colleges — field work — students' collections — tree study in
graded schools.

PART I., PLANTING AND CARE OF TREES

CHAPTEE I

STEUCTUEE, LIFE AND GEOWTH OF A TEEE 31-45

The parts of a tree — the root — the leaf — the stem —
reproduction.

CHAPTEE II

THE PEOPAGATION OF TEEES 46-60

Propagation from seeds — nature's way — the forest nursery
— collecting seeds for planting — storing seeds — testing
the vitality of seeds — planting seeds — care of seedlings —
transplanting — propagation by cuttings — making cuttings
— setting cuttings — propagation by graftage — grafting —
budding.

CHAPTEE III

TEEE PLANTING IN EUEAL DISTEICTS 61-74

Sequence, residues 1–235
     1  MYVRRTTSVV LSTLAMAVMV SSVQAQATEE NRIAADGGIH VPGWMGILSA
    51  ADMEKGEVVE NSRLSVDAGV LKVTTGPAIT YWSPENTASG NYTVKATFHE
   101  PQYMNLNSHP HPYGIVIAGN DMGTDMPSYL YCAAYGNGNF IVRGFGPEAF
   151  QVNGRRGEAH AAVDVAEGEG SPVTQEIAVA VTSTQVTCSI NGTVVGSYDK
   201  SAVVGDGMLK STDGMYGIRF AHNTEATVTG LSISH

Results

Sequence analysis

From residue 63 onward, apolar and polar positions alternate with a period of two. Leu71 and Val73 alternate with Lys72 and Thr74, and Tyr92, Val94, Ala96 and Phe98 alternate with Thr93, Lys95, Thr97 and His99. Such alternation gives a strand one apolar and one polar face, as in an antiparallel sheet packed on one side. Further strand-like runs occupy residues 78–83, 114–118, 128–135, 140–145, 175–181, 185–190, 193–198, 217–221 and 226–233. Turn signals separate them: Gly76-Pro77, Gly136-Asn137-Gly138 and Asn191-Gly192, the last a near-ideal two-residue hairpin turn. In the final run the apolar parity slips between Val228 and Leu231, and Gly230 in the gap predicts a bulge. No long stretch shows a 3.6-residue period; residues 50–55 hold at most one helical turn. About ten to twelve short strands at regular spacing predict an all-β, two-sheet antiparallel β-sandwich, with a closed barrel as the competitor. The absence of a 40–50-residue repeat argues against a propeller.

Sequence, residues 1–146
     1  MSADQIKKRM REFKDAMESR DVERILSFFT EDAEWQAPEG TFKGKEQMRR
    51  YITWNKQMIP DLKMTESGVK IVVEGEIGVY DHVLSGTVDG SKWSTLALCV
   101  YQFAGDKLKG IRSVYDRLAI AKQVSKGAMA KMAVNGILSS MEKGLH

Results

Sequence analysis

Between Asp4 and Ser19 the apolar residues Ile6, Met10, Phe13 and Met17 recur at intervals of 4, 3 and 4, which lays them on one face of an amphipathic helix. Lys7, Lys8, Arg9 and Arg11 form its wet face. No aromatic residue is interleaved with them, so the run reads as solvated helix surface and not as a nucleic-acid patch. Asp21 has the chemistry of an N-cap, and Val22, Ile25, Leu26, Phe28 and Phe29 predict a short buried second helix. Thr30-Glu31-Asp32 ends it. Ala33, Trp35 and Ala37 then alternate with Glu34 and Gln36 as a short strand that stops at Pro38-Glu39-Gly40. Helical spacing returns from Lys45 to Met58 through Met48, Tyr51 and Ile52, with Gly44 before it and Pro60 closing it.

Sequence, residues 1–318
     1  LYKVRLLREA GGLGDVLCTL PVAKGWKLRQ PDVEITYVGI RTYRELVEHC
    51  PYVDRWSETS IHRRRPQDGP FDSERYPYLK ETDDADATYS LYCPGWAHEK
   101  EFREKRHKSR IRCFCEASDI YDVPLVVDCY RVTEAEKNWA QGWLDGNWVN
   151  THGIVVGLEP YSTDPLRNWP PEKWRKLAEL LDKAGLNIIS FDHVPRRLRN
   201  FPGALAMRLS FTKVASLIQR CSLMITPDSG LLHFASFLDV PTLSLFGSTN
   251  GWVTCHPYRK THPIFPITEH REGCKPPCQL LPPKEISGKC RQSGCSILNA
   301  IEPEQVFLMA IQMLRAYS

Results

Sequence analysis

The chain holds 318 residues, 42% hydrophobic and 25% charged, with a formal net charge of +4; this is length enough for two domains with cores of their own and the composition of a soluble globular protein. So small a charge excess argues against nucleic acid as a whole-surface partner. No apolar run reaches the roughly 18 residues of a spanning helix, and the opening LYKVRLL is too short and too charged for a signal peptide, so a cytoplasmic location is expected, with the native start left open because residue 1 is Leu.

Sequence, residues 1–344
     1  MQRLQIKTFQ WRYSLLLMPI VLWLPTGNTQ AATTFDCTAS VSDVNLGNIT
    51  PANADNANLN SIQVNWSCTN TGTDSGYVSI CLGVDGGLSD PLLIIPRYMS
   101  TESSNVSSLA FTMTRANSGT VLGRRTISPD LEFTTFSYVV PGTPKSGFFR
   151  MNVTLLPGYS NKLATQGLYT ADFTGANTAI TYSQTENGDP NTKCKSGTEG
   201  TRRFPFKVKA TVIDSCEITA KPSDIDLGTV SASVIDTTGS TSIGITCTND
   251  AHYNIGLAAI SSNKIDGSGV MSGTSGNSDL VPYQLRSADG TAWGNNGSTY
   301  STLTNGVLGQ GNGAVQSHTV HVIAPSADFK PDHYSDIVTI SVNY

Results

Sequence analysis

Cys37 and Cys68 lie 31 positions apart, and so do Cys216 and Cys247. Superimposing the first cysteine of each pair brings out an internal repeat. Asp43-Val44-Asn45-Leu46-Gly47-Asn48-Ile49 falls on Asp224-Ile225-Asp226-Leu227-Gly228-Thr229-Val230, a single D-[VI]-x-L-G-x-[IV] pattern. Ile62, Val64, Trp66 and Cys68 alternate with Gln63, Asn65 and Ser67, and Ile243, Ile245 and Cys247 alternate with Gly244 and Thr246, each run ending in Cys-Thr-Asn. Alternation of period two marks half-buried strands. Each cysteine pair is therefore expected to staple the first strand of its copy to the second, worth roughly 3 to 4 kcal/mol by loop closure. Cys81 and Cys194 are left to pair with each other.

The conservation of good scenery — a national park system
— sign boards must go — arousing interest — the problem
of the country roads — making the best use of existing
conditions — roadside planting — the use of trees around the
home — adaptation — the function of trees in home de-
coration — shrul)s — planting for winter effect — the planting
plan — the finished picture.



CHAPTEE IV

TREE PLANTING IN TOWNS AND CITIES 75-95

Trees in relation to city life — suggestions for street
planting — arrangement of trees on the street — parking
strips — permanent and temporary planting — the l)cst
species for city streets — trees of rapid growth — municipal
control of shade trees — parks and public sqnares — the
natural type — the artificial style — planting suggestions
for city homes — types of city homes — the suburban
lot — back yard planting.



CHAPTER V

THE SELECTION OF TREES FOR SPECIAL PUR-
POSES 06-101

Trees with showy flowers — blooming before or with the